20
Living Is a Problem Because Everything Dies
Biffy Clyro

Pounding drums, gruff vocals, crashing guitars that occasional riff n’ shred, strings and choirs flow through the song like angels slaying demons… yes it’s the world of HORMOAN RAWK. The album version of this is immense! If I was 16 this would have been my song of the year but alas I’m 30 so it peaks at number 20.
 
 

19
No Cars Go
The Arcade Fire

Yes The AF make a really good big slab of noise don’t they? It’s all a bit obvious and easy to say that they’re rather good. But I won’t punish them for it. Still this song wins the rare but prestigious “best saxophone solo of the year” award.
 
 

18
One Kiss Don’t Make A Summer
Lucky Soul

Dear old Lucky Soul, having seen them grow from seedlings in 2006 to a band getting 5 out of 5 in the Metro and doing proper tours in 2007 I felt a bit like a parent who had seen his child go off and make their way in the world. This summer indie hit is a heart bursting, strings exploding lesson in pop glory with a fabulous day brightening outro to boot.
 
 
 

17
Profit In Your Poetry
Butcher Boy

What is in the Butcher Boy’s pop sausages? I hear you ask. Well the ‘niX tastes a little bit of Love, a little bit of The Smiths and dare I say it some Moody Blues-esque seasoning. A tasty bite if you’re feeling cinematically wronged on rainy walk to work.
 

16
Better as a Girl
The Stricken City

Hands down winner of “Bass Riff of The Year”, London’s The Stricken City are kinda like Life Without Buildings for Echobelly / Brit-Pop fans. Nothing wrong with that I say and I love the kickass indie-in-a-garage guitar solo on this where you can hear the plectrum hitting the scratch plate.
 
 

15
Tears Dry On Their Own
Amy Winehouse

Amy Whinehouse is at number 16? Yes… what of it? A tune’s a tune and this 60’s soul pastiche delivers in spades. Plus the title is very true which is odd as I heard someone say at a bus top that Amy hasn’t known what “dry” is for years. I paid no attention… I’m not one for gossip.
 
 

14
I’m Not Gonna Teach Your Boyfriend How To Dance With You
Black Kids

If this would have been out a few months earlier it would have been higher in the PX50 (I’m already regretting it being so low), in 2008 expect Black Kids to get hyped in that annoying faux-low key “Interweb Blog! Interweb Blog! Oh aren’t we clever we’re making indiekids think they’ve discovered them” marketing approach (see also Arcade Fire, Artic Monkeys) that could mean that their popularity will peak in April before fading out into apathy by September (see Clap Your Hands Say Yeah, Hot Hot Heat). STILL, lets focus on NOW… this song is great. Yelpy Robert Smith vocals over a genre defying backing track with easily chant along / shout along bits and a chorus suitable for every sexually frustrated indieboy. According Dave Rees they ripped off a band called The Violet Pets… maybe but I think it’s unlikely that one of the ten people to experience the VP’s went on to be a member of Black Kids. Plus it’s far; far more accomplished than anything the VP’s achieved. Lament.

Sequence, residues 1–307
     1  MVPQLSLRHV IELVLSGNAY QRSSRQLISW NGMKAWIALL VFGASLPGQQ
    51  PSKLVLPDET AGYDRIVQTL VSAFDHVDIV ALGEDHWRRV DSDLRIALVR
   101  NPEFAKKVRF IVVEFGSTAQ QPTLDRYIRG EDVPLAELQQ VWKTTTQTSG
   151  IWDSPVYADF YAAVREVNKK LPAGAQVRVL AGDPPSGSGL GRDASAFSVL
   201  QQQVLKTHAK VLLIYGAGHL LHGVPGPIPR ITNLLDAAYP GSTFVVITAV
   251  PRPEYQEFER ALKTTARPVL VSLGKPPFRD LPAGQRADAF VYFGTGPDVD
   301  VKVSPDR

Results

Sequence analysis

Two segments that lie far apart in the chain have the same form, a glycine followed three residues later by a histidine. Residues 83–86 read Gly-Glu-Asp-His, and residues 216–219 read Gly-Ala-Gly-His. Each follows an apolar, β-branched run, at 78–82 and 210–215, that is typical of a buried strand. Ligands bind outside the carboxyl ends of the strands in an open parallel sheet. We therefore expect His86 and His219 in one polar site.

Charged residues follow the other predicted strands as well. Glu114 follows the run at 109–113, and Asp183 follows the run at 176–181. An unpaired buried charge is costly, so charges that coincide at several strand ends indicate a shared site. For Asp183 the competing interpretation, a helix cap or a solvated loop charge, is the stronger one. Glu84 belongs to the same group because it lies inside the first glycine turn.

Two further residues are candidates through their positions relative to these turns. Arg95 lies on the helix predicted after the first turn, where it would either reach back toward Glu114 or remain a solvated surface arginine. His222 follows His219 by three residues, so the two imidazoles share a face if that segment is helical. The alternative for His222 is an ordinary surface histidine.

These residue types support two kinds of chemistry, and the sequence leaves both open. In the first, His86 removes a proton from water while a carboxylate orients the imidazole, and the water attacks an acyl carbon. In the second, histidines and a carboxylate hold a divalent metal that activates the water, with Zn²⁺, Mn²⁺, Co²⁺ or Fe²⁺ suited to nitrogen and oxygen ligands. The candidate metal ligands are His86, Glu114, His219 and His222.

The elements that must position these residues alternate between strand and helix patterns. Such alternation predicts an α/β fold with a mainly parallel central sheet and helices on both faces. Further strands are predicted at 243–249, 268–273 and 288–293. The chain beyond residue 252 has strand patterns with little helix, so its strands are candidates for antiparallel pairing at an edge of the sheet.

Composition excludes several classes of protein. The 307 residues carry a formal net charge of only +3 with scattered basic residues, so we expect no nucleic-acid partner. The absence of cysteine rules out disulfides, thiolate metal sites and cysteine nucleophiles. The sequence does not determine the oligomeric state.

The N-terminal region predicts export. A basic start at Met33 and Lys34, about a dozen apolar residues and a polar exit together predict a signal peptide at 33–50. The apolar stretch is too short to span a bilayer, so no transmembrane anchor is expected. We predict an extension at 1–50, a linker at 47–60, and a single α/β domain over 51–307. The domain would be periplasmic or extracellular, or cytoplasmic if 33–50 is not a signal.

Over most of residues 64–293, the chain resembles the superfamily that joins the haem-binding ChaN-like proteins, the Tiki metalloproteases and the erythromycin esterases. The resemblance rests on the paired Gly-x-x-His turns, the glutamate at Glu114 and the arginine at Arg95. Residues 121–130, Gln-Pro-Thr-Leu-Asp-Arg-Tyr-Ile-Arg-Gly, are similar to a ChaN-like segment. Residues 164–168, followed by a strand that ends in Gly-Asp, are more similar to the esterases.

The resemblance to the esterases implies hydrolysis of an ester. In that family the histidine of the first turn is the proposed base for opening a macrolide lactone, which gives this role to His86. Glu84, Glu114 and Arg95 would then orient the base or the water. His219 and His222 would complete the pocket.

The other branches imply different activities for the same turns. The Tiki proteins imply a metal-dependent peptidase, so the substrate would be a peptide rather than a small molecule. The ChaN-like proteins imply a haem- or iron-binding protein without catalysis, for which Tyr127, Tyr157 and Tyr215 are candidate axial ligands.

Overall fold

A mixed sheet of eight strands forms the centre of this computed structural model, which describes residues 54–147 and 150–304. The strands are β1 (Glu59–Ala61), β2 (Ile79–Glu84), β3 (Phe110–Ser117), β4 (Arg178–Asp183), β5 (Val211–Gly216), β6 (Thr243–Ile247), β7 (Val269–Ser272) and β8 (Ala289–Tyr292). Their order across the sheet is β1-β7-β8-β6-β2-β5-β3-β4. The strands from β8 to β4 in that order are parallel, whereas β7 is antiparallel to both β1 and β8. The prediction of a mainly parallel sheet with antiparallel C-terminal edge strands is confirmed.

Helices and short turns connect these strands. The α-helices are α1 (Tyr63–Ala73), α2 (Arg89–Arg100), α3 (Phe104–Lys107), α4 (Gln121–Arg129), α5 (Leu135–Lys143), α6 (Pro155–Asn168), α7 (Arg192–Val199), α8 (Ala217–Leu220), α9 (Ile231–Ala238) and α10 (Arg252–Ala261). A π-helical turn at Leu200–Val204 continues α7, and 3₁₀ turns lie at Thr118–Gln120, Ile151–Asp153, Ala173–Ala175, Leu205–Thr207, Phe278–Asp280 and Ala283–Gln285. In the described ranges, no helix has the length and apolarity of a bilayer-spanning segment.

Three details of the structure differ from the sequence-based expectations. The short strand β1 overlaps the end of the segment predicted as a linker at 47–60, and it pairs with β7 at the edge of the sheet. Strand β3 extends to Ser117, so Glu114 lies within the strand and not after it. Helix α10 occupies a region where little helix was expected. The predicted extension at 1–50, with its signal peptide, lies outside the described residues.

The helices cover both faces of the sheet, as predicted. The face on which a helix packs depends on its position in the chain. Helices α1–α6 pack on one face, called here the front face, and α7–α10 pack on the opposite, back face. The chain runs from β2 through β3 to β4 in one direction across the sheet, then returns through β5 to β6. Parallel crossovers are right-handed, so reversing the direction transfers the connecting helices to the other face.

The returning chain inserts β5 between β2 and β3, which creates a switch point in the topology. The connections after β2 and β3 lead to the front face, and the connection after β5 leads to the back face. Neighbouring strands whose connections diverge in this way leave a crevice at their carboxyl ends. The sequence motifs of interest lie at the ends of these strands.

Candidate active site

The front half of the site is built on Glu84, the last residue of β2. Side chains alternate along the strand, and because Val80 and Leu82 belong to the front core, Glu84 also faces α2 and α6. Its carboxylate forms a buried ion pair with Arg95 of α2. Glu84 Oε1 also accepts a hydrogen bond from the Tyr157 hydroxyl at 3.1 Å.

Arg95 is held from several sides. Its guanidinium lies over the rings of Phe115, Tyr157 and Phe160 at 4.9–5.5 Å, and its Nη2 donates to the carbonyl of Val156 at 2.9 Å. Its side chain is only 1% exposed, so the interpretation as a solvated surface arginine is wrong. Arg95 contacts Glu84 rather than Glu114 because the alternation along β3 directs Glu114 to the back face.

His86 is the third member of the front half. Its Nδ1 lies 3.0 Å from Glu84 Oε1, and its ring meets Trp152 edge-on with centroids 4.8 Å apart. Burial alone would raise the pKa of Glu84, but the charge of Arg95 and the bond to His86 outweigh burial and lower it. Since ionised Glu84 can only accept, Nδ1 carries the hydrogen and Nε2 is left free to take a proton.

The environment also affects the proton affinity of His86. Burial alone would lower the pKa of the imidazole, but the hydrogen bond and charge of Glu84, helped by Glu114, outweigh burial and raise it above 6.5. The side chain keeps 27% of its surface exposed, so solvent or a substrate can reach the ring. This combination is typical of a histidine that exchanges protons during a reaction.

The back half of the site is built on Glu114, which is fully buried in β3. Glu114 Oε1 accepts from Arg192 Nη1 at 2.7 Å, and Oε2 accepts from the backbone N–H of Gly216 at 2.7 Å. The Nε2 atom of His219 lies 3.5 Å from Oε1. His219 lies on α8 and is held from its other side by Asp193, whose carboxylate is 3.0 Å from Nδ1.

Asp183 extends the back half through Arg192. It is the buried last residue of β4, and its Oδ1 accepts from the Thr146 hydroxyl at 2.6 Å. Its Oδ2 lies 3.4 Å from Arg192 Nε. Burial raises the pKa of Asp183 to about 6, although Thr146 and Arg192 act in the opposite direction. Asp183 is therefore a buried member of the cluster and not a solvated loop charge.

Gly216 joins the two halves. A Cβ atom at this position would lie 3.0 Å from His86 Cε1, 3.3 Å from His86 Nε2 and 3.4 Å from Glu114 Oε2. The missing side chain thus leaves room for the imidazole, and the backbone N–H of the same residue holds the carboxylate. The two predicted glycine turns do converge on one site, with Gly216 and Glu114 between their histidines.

13
My Friend in a Comfortable Chair
Cats On Fire

I think this was actually released years ago but people only started banging on about them this year so who cares. Charming jangle-jangle indiepop from (guess where?… ha ha tricked you! Not from Sweden this time) Finland that wears its “Hatful of Hollow” influence on its sleeve.
 
 

12
On Call
Kings of Leon

This sounds like the big stadium rock hit that Urge Overkill shoulda produced in the mid 90’s but didn’t (produced by Gil Norton naturally). Some people love KoL. Some people loathe KoL… personally I can take them or leave them BUT this song hits all PXPL’s buttons. At moments, it’s eerie yet peaceful like staring out of a log cabin window at midnight and then at other moments it roars softly yet sternly like a protective lioness protecting her cubs. A lesson in comeback singles if ever there was one.
 

11
Umbrella
Rihanna (featuring Jay-Z)

The best thing about 2007 was the MP3 sales fuelled return of genuine pop hits. Whether you loved or hated the songs, artists and demographics that made up the 52 weeks worth of top tens you have to admit they way singles now climb, fall and climb again in the charts is so much better than the “straight into the top ten and then straight out of the charts with an anchor” culture that slowly ruined the concept of Pop Music and killed off Top Of The Pops over the past 8 years. All they need to do is being back ToTP on a Thursday night (WITHOUT pointless live performances of dance hits involving failed glamour models prancing around and without Fearne and Reggie please) and we’ll have weather that matches it’s season, a reduction in street crime and oh by golly terrestrial telly will stop bombarding us with rubbish cooking / ice skating / ”making chavs look decent” shows and start showing proper programs again like Wrestling, The Monkees and Blake’s 7. I remember when this was all fields etc.